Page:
‘Tory education proposals wrong’ – TEACHERS SLAM GOVERNMENT

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Nut members  fighting against government cuts to Sixth Form Colleges
Nut members fighting against government cuts to Sixth Form Colleges

‘THE government’s priorities are simply wrong. They are wrong for education, wrong for teachers and wrong for children and young people,’ teachers union NUT said on Thursday.

The NUT was responding to a Tory White Paper just published entitled: ‘Educational Excellence Everywhere’.

Christine Blower, General Secretary of the National Union of Teachers, said: ‘The White Paper does nothing to address the pressing issues that are distorting education provision in England. Most fundamentally, the government shows no sign of recognising that there is a huge gap between its rhetoric of “raising the quality and status” of the teaching profession, and the daily experience of schools.

‘Teachers are struggling to cope with huge workloads and badly designed assessment systems. In devising its policies, the government cares nothing for their knowledge or expertise. To change teaching for the better, these issues must be addressed. Getting rid of Qualified Teacher Status is a clear indication of how little this government respects teachers or parents, who believe their children should be taught by a qualified teacher.

‘Leaving schools and heads to decide whether a teacher has reached suitable standards lacks coherence. The shift towards school-based teacher education has contributed to current shortages, yet it is a policy that the White Paper wants to take even further. Finland, for example, which tops international education league tables, educates teachers to master level.

‘This policy is going in the wrong direction and should be of concern to everyone. Many schools, including the overwhelming majority of primaries, have made a positive choice to remain maintained by their local authority. This White Paper’s proposals to turn all schools into academies will abolish that choice and instead impose an authoritarian central government diktat on schools.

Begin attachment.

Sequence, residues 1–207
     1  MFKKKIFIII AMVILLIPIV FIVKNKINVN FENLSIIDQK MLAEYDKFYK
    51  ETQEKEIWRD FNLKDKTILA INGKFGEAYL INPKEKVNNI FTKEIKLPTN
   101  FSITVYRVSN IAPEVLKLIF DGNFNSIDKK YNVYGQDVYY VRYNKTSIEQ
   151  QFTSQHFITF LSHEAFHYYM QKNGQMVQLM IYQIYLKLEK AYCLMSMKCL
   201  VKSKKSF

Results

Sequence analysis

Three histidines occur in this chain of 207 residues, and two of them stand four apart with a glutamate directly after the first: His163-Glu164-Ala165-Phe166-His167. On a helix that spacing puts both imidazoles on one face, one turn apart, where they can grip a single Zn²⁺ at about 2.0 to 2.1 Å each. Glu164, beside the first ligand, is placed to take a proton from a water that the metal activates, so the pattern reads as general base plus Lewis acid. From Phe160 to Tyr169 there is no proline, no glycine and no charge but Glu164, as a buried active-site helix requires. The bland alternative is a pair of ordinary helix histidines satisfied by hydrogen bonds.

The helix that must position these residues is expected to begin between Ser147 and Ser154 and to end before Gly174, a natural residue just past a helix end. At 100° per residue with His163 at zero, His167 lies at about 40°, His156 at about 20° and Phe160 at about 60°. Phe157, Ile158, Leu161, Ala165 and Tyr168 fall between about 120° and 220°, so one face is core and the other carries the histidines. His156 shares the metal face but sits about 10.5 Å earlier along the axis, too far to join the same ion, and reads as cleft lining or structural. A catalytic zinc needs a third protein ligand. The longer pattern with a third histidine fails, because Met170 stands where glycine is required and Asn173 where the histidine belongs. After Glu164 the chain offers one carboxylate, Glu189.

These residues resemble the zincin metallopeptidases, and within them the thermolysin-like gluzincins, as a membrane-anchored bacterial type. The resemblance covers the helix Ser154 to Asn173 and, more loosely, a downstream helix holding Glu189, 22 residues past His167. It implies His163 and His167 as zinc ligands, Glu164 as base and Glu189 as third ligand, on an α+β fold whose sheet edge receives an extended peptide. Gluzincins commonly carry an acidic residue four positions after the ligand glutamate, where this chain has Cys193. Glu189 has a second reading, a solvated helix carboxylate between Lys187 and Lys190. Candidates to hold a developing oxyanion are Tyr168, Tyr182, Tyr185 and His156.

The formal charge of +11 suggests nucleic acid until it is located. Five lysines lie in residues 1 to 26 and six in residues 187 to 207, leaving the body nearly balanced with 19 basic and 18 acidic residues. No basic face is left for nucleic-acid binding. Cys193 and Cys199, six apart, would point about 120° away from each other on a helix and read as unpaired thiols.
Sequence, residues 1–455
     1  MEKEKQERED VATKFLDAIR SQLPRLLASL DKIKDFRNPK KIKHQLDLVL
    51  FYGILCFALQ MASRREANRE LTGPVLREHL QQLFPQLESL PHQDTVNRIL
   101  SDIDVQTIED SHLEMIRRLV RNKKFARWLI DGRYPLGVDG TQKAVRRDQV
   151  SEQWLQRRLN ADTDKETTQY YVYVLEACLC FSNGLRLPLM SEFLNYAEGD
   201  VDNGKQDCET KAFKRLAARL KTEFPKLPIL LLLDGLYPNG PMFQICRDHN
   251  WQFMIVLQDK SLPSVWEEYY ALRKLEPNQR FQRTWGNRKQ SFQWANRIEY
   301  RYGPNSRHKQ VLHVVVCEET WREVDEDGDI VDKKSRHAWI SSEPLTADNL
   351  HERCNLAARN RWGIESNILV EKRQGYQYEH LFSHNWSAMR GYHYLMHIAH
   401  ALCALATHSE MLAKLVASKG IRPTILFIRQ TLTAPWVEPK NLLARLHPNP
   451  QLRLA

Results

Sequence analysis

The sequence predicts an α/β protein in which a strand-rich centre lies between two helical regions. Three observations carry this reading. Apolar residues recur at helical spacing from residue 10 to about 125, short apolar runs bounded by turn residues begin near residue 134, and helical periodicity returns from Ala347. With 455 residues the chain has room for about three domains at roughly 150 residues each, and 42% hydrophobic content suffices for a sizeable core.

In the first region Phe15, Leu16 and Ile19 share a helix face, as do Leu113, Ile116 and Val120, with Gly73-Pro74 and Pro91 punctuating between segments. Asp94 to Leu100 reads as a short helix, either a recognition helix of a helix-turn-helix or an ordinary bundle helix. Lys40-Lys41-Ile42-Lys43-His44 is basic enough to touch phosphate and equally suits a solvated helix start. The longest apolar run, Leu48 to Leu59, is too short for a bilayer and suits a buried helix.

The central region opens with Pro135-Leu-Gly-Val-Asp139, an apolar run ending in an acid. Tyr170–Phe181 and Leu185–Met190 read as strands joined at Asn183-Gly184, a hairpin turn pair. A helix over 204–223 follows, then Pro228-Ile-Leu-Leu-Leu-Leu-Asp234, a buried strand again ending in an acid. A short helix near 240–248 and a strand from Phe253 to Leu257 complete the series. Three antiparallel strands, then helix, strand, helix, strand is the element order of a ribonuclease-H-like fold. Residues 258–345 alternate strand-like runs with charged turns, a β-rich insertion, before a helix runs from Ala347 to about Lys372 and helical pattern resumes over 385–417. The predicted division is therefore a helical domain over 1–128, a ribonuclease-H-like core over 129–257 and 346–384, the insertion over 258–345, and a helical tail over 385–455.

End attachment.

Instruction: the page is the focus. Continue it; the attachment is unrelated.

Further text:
‘So much for “localism,” so much for “choice,” so much for “autonomy,” so much for “democracy”. Small schools in particular will lose their identity, and rural schools face an uncertain future as multi-academy trusts will pick and choose which schools they consider viable. It will cost the taxpayer a fortune to convert all school into academies, and all based on no evidence that academies improve the education of children.

‘The government says it wants fairer funding but is imposing real terms cuts on schools which also face significant additional costs relating to higher employer pension and National Insurance costs. There’s nothing fair about cutting school funding overall, or about allocating additional resources to some individual schools by cutting funding for others.  This redistribution of an inadequate and dwindling education budget needs to be replaced with a proper assessment of the funding needs of our schools.

‘Nicky Morgan is gambling on an irrational approach which supposes that the problems of teacher shortages and the quality and availability of teacher education can be dealt with simply by ratcheting up the policies that have created those problems in the first place.’

Also commenting on the Education White Paper, Dr Mary Bousted, general secretary of the Association of Teachers and Lecturers (ATL), said: ‘The government’s plans to promote education excellence everywhere are based on pursuing policies which have signally failed to achieve that aim. It is hard to see how they will benefit children’s education.

‘The education white paper advocates doing more of the same – more multi-academy trusts, more school-led initial teacher training, and more piecemeal initiatives to improve teacher supply. But the government’s problem is that none of these current policies is achieving their intended outcomes.